Flooding in the City of Jersey Village occurs primarily along White Oak Bayou as well as a smaller tributary of the bayou. The last major flood was in October 2002 and damaged more than 200 homes. In 2001, Tropical Storm Allison flooded approximately 500 homes, and in 1998 approximately 200 homes were flooded with Tropical Storm Francis. Although the Harris County Flood Control District has done much work to help alleviate the flood risk throughout the area, there is still a risk of flooding in our city. With significant rainfall, our drainage system could reach capacity, causing flooded streets, local ponding and overflowing bayous and ditches.
Flood Insurance Rate Maps (FIRMS)
The City of Jersey Village and Harris County have been issued new Flood Insurance Rate Maps (FIRM’s), which went into effect June 9, 2014. These maps do not reflect the changes that the Harris County Flood Control District has made in our area; it just shows some corrections to the last effective map dated June 18th, 2007. The city has copies of the new floodplain maps, as well as all the previous maps issued, and we will be glad to see if your property will be affected. Click on the links below for the current FIRMs for the city or come by the Public Works Department at City Hall for more information.
Standard homeowners’ insurance policies do not cover losses due to floods. Because the City of Jersey Village is a participant in the National Flood Insurance Program, it is possible for property owners to obtain federally backed flood insurance. You also can insure the contents of your home from flooding. This insurance is available to any owner of insurable property in the city, regardless of whether or not the property is located in a floodplain.
We urge everyone to purchase flood insurance; property can flood that has never experienced flooding previously. Please note that there is a 30-day waiting period before coverage goes into effect, so don’t wait for the next storm to protect your family. If you have specific questions about flood insurance, or for more information on rates and coverage, contact your insurance agent. Insurance information is also available through the FEMA website at www.floodsmart.gov.
In order for the insurance agents to determine the full risk-rate for your flood insurance, you will need an Elevation Certificate. Elevation Certificates, which are prepared by a licensed surveyor, identifies the elevation of the lowest floor of your house, as well as the base flood elevation. They can help reduce your insurance premiums if it shows that your finished floor elevation is higher than the base flood elevation. The city has some certificates on file if you would like to see flood depth and slab elevations in your area and if obtaining one would be beneficial for you.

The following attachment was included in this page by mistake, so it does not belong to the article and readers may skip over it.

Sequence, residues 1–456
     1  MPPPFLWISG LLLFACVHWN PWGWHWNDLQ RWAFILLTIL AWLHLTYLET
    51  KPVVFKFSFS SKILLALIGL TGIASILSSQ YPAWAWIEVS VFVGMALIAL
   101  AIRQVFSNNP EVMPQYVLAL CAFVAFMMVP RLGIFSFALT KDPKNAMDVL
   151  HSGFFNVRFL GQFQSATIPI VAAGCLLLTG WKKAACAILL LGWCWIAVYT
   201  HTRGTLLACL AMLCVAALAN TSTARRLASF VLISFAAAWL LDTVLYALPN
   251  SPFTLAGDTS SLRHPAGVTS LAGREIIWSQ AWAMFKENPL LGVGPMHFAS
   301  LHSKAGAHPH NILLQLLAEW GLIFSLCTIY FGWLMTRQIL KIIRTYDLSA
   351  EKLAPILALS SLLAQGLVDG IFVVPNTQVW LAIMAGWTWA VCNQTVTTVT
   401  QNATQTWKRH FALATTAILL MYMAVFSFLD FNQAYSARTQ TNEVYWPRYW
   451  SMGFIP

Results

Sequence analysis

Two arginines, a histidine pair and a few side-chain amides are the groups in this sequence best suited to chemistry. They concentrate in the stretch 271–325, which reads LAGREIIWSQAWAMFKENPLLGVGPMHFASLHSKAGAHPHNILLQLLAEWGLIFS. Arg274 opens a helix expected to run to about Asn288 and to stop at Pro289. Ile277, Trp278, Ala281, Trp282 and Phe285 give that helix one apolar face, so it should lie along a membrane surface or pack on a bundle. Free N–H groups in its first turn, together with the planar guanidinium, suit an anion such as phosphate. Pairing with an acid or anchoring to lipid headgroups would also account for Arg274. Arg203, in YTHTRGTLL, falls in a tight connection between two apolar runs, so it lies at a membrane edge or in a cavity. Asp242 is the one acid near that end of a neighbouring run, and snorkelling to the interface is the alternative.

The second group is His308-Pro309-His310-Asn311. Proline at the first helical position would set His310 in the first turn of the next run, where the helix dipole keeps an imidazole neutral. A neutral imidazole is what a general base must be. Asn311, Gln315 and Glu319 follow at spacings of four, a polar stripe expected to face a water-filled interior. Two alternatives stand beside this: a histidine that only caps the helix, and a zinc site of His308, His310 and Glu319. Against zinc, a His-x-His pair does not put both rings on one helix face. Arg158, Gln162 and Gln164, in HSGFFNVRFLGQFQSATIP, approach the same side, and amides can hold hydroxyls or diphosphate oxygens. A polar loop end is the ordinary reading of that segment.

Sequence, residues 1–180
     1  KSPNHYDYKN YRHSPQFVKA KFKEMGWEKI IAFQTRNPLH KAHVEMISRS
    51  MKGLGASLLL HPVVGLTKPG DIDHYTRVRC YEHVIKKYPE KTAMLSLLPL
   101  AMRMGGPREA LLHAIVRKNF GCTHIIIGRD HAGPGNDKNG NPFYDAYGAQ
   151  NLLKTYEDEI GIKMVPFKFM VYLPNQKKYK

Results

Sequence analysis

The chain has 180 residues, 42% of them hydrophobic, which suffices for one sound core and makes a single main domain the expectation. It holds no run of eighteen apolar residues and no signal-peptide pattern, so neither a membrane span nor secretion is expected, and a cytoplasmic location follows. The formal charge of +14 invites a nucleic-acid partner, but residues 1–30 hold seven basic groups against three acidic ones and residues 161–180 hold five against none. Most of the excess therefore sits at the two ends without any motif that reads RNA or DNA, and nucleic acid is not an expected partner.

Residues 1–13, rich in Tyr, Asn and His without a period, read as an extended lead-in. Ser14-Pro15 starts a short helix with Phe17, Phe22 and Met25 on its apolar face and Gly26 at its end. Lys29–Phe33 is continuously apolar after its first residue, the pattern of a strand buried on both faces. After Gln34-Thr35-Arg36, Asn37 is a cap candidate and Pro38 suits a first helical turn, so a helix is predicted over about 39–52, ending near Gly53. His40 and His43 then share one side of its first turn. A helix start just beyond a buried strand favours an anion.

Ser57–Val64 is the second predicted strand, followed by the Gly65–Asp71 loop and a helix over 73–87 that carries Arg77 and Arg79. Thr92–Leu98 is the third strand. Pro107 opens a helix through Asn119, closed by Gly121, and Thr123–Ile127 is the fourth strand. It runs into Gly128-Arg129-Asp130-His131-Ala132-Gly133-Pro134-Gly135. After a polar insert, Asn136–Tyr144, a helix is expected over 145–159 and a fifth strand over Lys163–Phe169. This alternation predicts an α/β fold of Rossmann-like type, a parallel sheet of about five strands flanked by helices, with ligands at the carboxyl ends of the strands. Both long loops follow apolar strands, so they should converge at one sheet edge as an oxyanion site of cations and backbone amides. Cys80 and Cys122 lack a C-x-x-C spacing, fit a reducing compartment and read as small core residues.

Development in the Floodplain
In natural or undeveloped settings, a flood causes little or no damage. Floodplains in natural areas help reduce flood damage by allowing the water to spread over a large area, which reduces flood velocities and provides flood storage to reduce peak flows downstream. Jersey Meadow Golf Course and the new detention basin north of the course is an area in the city that is aiding in flood plain management. Another way to protect your property, as well as the rest of the Houston/Galveston area is to not dump debris or containments in the storm drains or bayous. These drains and ditches, which eventually flow to the gulf, will not only pollute the bay waters, but might also clog the pipes and eventually cause local street flooding. Go to www.backthebay.org and Clean Water Clear Choice for more information and tips on what you can do help keep Galveston Bay and its wildlife healthy and clean. If you wish to report debris dumping, call the Public Works Department at 713-466-2133.
Remember that you need to obtain permits for most work done throughout Jersey Village, not just in the floodplain. This includes, but not limited to, fencing, ancillary structures, grading and fill, additions to garages or homes. If you have a question about whether or not you need a permit for work you plan to do, just call the Permit Department at 713-466-2110 or stop by City Hall.
Substantial improvement is defined as any reconstruction, rehabilitation, addition, or other improvement to a building, the cost of which equals or exceeds 50% of the market value of the building before the start of construction of the improvement. The City of Jersey Village requires that any building that has been damaged by fire or other causes, or has been substantially improved, shall be rebuilt in conformity with this article, as though it were a new building.
If the finished floor of your building is at an elevation that is lower than the base flood elevation (BFE - the computed elevation flood waters are anticipated to rise), then you might want to consider altering your building to eliminate or reduce flood damage. There are various retrofitting methods used to help protect your building from flood waters, elevating and f